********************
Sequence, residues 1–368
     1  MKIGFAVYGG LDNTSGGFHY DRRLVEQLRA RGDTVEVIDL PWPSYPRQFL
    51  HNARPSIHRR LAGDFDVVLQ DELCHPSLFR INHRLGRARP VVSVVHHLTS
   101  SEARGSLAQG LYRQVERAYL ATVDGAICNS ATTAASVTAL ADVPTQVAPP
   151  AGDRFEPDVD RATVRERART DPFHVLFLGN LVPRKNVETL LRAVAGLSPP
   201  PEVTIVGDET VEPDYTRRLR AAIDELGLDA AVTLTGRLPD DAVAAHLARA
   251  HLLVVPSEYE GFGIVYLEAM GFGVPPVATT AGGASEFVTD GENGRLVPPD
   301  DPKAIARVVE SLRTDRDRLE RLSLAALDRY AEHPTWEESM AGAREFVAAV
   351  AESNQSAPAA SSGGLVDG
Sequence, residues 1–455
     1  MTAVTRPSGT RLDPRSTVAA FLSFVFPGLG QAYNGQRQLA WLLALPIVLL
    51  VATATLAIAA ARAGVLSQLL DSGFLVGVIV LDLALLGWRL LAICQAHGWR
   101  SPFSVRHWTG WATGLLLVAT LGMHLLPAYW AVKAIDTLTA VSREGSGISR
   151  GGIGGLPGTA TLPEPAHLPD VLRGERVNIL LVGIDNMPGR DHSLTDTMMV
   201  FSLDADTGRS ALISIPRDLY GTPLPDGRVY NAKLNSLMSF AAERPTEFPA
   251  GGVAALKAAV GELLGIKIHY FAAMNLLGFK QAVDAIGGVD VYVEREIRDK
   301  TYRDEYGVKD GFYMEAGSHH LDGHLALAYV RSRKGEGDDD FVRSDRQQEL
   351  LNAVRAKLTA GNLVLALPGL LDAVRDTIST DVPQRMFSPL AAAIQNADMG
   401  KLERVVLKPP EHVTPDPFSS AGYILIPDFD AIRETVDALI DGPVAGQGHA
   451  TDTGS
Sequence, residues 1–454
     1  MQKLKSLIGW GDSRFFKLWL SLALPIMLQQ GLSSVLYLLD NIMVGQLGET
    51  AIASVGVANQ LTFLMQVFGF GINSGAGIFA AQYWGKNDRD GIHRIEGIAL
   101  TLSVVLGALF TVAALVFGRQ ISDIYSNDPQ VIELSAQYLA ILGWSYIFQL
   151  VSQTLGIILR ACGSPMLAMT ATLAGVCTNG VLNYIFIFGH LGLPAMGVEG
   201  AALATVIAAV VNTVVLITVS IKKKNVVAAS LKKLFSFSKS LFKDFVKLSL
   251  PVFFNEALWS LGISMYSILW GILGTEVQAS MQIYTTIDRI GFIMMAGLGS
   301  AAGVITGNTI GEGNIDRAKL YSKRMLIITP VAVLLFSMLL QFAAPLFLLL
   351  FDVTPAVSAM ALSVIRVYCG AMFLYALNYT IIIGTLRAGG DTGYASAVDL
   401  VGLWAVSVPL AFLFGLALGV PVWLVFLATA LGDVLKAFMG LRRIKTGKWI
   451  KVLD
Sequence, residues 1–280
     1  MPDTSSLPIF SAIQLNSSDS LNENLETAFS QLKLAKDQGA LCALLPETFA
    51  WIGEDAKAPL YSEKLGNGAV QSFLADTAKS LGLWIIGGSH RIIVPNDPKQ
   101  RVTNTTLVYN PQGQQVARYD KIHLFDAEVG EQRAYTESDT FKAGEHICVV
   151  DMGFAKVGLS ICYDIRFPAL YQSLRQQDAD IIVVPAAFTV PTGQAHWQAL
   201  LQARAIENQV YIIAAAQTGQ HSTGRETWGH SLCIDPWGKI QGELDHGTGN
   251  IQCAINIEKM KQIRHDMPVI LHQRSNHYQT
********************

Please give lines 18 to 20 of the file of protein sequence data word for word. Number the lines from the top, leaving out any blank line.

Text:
   351  LNAVRAKLTA GNLVLALPGL LDAVRDTIST DVPQRMFSPL AAAIQNADMG
   401  KLERVVLKPP EHVTPDPFSS AGYILIPDFD AIRETVDALI DGPVAGQGHA
   451  TDTGS